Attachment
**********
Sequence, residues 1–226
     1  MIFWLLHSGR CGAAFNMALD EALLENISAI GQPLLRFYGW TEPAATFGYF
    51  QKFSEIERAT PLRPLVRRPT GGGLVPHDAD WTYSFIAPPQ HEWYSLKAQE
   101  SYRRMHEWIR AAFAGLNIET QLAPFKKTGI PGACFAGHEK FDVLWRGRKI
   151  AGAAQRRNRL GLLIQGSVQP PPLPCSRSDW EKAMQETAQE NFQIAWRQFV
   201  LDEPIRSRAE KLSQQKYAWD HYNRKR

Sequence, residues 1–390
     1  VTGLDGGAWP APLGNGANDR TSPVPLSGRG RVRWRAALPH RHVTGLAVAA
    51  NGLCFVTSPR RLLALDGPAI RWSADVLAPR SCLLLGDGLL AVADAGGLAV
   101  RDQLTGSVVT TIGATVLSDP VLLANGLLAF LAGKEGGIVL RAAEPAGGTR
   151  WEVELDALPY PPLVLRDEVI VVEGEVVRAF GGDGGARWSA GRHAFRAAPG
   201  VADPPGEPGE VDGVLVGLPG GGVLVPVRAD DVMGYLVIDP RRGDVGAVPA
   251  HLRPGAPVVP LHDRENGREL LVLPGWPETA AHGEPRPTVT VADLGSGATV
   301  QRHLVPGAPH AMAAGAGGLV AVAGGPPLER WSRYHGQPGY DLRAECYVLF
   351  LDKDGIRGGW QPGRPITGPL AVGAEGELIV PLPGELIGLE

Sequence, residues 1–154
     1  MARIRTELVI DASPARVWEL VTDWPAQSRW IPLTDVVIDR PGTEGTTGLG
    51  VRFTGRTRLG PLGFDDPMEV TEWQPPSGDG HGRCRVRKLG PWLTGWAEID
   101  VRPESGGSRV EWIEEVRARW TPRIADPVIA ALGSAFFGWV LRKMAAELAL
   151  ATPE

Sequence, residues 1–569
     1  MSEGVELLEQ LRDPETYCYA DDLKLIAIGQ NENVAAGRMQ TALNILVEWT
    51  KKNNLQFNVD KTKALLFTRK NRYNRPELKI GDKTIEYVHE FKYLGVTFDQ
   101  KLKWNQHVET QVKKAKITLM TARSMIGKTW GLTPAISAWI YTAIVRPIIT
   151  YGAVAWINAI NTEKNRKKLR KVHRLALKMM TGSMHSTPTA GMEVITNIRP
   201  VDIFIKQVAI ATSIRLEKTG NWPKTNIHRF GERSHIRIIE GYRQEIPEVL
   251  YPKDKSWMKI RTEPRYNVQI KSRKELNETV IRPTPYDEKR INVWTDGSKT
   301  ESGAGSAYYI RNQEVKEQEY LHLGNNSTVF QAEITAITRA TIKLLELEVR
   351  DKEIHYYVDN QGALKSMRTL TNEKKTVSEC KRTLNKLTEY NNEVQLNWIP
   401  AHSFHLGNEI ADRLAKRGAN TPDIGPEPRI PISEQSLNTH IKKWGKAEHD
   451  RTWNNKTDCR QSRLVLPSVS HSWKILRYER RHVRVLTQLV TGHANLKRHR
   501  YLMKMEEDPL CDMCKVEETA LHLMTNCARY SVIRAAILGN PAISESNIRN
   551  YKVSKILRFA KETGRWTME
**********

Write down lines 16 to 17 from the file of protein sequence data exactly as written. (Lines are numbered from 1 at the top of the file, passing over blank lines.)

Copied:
Sequence, residues 1–154
     1  MARIRTELVI DASPARVWEL VTDWPAQSRW IPLTDVVIDR PGTEGTTGLG